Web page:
The Poem

(Critical Guide to Poetry for Students)

“High Windows” consists of five quatrains; it has a variable metrical pattern and an irregular but discernible rhyme scheme (basically abab). Like many of Philip Larkin’s poems, “High Windows” is written in the first person with no attempt to separate himself from the speaker. “I write poems,” Larkin has said, “to preserve things I have seen/thought/felt (if I may so indicate a composite and complex experience) both for myself and others.”

In “High Windows,” an older man describes his thoughts and feelings on seeing a young couple during the late 1960’s at the height of the sexual revolution. With cynical envy, and in blunt language, the speaker assumes that they have sex and that “she’s/ Taking pills or wearing a diaphragm.”

It is a situation that to him (and his generation’s way of thinking) seems like the “paradise/ Everyone old has dreamed of all their lives”—without consequences and free of shame. All social restraints of “Bonds and gestures” have been thrown aside like “an outdated combine harvester” in favor of this new freedom, and now everyone can go down the “long slide/ To happiness.”

At this point, the speaker wonders whether anyone looked at him when he was young, “forty years back,” and thought the same things: “That’ll be the life;/ No God any more, or sweating in the dark/ About hell and that.” The church and its priests, too, “will all go down the long slide/ Like free bloody birds.” Here it is unclear whether the slide leads to happiness, hell, or (in the absence of God) simply into nothingness.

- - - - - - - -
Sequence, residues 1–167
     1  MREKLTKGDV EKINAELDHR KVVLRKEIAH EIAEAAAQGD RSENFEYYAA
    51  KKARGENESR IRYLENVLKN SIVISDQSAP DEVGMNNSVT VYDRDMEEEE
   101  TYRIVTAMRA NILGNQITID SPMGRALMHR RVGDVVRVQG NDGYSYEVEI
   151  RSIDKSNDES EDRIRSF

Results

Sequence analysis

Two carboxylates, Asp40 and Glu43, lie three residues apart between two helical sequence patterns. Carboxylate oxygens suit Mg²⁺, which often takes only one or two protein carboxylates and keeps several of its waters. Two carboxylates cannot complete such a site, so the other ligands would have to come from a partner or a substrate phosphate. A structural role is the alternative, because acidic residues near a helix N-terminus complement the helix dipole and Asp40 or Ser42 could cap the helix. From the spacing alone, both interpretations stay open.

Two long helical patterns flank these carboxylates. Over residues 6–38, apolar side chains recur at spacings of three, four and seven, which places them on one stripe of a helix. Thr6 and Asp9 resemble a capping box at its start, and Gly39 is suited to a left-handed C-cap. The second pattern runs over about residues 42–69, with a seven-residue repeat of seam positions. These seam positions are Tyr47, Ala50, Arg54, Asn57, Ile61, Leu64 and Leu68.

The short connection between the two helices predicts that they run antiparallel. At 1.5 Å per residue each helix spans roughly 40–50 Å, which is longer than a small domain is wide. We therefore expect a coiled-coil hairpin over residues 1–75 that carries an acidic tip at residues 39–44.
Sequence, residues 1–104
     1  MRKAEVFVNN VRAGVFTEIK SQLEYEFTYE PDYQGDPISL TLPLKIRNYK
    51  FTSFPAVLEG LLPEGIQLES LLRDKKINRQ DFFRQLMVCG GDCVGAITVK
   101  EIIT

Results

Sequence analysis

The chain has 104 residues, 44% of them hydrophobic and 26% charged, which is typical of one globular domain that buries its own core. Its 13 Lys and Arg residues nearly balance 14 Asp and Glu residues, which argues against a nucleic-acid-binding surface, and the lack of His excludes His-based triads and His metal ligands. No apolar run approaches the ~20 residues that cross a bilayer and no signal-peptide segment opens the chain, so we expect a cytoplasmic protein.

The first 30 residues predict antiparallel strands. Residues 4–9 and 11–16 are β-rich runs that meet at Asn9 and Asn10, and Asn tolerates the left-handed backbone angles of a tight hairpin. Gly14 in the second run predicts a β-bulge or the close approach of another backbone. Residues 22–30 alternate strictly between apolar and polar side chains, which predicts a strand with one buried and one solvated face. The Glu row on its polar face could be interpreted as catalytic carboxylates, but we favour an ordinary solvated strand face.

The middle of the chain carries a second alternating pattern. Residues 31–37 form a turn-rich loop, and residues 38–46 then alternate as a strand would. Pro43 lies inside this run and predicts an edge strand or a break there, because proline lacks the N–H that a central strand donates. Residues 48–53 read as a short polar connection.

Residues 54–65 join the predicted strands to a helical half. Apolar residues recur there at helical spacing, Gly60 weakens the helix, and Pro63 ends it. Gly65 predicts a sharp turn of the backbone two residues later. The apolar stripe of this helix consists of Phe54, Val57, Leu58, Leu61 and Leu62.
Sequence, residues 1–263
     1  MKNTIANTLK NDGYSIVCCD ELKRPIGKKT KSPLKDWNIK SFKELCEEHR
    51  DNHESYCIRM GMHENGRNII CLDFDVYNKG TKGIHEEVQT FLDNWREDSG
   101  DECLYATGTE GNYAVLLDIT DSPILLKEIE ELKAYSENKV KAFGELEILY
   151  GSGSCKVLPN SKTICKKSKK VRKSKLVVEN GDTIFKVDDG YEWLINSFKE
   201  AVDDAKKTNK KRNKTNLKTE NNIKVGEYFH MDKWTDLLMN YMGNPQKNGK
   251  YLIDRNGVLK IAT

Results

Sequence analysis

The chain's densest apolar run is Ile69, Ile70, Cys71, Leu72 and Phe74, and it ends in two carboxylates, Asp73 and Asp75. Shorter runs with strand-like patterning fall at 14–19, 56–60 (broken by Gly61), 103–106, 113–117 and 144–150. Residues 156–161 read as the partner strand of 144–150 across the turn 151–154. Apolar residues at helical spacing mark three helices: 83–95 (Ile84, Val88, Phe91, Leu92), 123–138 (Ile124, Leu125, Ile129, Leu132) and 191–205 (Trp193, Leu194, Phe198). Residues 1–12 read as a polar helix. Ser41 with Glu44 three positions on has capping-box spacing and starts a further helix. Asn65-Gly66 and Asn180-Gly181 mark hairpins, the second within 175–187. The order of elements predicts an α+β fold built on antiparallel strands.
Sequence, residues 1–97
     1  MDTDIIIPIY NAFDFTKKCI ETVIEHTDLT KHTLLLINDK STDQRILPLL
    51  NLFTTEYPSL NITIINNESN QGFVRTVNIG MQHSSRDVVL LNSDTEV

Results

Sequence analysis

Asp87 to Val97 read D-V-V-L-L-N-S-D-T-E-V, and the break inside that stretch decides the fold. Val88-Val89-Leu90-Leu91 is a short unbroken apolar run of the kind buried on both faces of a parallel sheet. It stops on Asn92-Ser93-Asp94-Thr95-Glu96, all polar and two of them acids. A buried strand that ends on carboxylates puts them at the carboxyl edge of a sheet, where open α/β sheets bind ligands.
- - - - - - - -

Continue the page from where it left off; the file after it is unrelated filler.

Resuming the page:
The speaker concludes enigmatically by refusing to state his conclusion in words. “Rather than words comes the thought of high windows.” Larkin is conveying (in words) the idea that some mental processes are beyond words. In this case, there is only the image, like a revelation, of the “sun-comprehending glass,/ And beyond it, the deep blue air, that shows/ Nothing, and is nowhere, and is endless.”

Forms and Devices

(Critical Guide to Poetry for Students)

It is one of the privileges of the contemporary poet working in traditional forms to play with those forms for ironic effect. Larkin once said that “Deprivation is for me what daffodils were to Wordsworth”; his tone is typically that of a cynic for whom life has not made good on its promises. Larkin’s technique in “High Windows,” as elsewhere, is based on the frustration of form, just as his theme is often frustration itself.

At first glance, “High Windows” appears to be written in traditional quatrains, but the first stanza immediately frustrates such an assumption. Whatever one may have assumed about the decorum of lyric poetry is contradicted by the opening lines, as much by the tone set by the vulgar and technical diction as by the lack of perfect rhyme.

Like Wilfred Owen, Larkin is a master of slant or off rhyme, setting up sonorous expectations that turn out to be as off-key as life itself is. The “she’s/paradise” slant rhyme makes sense in that it displays the speaker’s envy; the “kids/diaphragm” pairing does not rhyme at all. Its dissonance is as much a thing of sense as of sound, implying the irony of kids using birth control to keep from having kids. After this unconventional opening, the poem becomes increasingly traditional, in diction and meter as well as rhyme, as the speaker begins to make sense of a situation that at first merely baffles him. His conclusion, though, is startling.

The three...

(The entire section is 446 words.)